I have to tell you, first off, that Germany is a very beautiful country. It hasn't even been a full week yet and I am in love with the greenery, the quaint little villages and towns, the vineyards that line the hills and red roofs from homes that dot everything in between. The villages are small, and in most cases that we have seen, the Church Steeple is the tallest point in all of them. It's a simplicity that you don't see back in the states, and a much more casual way of living. Mixed in with the simplicity and history, you were reminded of modern times -- I am in LOVE with how Germany embraces alternate fuel sources -- wind mills & solar panel fields everywhere. It was amazing!
I have to admit that I am starting to get a little overwhelmed with all of it. Not with being here, necessarily -- we WANT to be here and wouldn't trade it for anything -- but the language barrier is a tad frustrating, and embarrassing. I have picked up a couple phrases and words here or there, and most people in our area speak English, but I hate to admit I hate asking them to so that I can understand. I will admit, there have been a couple dicey menu choices. I personally am on a mission to learn as much as I can. I feel that it will make my personal experience here that much better. We truly want the full experience in living here, which means learning the language as well. This is a large priority for me (and hopefully my husband) and I am grateful that we bought some "learning to speak German" discs before we left AND BROUGHT THEM in our suitcases! But all in all, people have been so kind to us. I think, overall. Germany has a reputation of not being very friendly. I have found that people don't smile at you when you are walking down the street, and they would rather barrel into you on the sidewalk if you don't get out of THEIR way instead of moving themselves. If you say hi, they won't say hi back when out in public. But one-on-one? Incredibly kind and helpful. At least what we have seen so far.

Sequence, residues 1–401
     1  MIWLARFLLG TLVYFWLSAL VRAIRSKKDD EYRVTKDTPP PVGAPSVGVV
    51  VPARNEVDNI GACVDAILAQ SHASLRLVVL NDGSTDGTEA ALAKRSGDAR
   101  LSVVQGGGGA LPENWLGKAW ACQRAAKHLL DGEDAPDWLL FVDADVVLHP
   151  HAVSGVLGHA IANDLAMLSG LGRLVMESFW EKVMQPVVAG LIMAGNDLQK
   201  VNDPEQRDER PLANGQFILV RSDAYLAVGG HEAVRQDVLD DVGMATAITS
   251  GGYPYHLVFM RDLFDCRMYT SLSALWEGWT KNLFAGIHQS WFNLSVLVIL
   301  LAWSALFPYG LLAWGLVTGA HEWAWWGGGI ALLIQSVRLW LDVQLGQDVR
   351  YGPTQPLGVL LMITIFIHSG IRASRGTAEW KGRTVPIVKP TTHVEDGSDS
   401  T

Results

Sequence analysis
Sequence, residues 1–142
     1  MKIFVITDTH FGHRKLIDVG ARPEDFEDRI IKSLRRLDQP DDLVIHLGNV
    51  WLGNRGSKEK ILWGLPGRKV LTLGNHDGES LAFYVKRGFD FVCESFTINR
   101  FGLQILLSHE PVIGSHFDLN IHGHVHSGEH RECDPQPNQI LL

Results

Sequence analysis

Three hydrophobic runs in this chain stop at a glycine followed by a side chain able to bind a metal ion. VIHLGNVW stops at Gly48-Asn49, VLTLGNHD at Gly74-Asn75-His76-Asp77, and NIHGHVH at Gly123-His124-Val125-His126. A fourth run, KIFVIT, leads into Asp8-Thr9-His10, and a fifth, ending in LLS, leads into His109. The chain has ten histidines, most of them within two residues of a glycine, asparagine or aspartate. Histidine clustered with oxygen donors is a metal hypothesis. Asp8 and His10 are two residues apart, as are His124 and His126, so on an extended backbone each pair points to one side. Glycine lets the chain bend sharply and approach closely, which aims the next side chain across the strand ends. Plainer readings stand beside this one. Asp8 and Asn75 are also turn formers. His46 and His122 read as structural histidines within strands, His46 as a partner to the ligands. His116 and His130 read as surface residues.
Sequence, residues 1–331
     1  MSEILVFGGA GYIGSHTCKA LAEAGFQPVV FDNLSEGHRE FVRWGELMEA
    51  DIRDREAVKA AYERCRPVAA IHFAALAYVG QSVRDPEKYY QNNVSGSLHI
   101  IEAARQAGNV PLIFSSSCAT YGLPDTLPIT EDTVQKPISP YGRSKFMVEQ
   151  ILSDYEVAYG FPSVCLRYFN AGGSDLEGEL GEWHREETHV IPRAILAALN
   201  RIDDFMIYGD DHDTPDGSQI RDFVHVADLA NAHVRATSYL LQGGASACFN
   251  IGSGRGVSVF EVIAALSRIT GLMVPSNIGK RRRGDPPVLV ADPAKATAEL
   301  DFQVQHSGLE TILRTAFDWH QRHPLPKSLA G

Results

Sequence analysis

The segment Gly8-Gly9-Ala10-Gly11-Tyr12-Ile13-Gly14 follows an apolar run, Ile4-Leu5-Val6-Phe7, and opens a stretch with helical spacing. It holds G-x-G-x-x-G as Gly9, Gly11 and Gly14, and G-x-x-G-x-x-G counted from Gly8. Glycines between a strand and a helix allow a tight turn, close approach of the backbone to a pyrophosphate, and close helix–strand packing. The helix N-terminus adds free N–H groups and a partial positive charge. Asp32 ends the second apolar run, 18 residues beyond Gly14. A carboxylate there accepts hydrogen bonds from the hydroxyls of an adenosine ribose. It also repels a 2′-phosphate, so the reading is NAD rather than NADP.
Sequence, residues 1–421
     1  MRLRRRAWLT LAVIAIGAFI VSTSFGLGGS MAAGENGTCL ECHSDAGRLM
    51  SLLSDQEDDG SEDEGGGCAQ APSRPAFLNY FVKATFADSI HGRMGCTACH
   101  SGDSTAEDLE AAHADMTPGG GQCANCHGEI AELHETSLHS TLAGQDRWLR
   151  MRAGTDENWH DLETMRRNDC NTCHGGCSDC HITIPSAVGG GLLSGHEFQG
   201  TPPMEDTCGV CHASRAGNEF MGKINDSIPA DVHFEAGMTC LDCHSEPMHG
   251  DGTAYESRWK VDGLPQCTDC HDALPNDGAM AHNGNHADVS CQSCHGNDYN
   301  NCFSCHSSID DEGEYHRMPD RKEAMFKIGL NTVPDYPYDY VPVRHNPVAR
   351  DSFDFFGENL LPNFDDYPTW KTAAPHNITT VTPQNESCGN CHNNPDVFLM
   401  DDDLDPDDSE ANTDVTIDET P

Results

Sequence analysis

We are still figuring out the housing situation. Things are so up in the air, and from what we were told today, it looks like we will have no choice but to live on post. This is not our ideal situation -- again, we want the FULL experience in being here, which for us means living off-post -- but we are complete "make the best of any situation" type of people. I will drive off post every day with the kids if it means shopping on the economy, exploring, finding new parks and small cafe's to hang out in. I really cannot express how excited we are to take it all in. We want to leave here with zero regrets -- this means living as un-American as possible.